She says she got no effective treatment until she was 16 and found herself no longer able to tell what was real and what wasn’t.
She was suicidal and was eventually admitted to hospital and began the struggle towards recovery.
Now she is well enough to be taking a degree, holding down a part time job to help fund her studies.
“There are some absolute angels working in services and some really skilled people,” she says.
“And there also some people who have clearly never had a collaborative conversation with a young person in their lives.”
Of her treatment she says: “What I have got has been good. It’s just that it’s been so bitty.”
MPs on the Education Select Committee and the Health and Social Care Committee say the government’s plans risk leaving hundreds of thousands without proper care.
They are particularly concerned at the long time frame: “Rolling out the plans to only ‘a fifth to a quarter of the country by 2022-23’ is not ambitious enough,” they argue.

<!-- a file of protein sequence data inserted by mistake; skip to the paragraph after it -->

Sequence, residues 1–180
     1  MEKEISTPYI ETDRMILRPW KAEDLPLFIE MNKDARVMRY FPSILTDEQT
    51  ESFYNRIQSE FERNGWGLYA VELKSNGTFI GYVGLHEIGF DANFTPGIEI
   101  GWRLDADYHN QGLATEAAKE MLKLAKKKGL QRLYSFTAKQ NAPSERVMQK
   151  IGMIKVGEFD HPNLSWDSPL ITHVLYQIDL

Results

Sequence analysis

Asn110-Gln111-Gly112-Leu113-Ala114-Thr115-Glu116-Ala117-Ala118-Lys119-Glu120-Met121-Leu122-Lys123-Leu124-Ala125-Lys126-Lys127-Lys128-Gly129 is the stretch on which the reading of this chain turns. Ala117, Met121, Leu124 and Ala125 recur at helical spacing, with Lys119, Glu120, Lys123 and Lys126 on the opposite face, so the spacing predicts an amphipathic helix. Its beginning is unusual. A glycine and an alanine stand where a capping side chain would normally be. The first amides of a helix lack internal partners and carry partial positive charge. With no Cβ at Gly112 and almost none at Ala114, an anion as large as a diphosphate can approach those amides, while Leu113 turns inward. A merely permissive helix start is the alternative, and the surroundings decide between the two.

They worry that health and education workforces lack capacity to meet the proposed additional demands and fear the government could have underestimated the level of need as the proposals are based on out-of-date figures on demand for mental health services among children and young people.
They also say there is too little emphasis on:
- early intervention
- pressures such as social media or the current exam system
- helping groups more prone to mental distress – such as children in care or in the criminal justice system
Dr Sarah Wollaston, chair of the Health and Social Care Committee, called for services to be joined up “in a way which places children and young people at their heart and that improves services to all children rather than a minority”.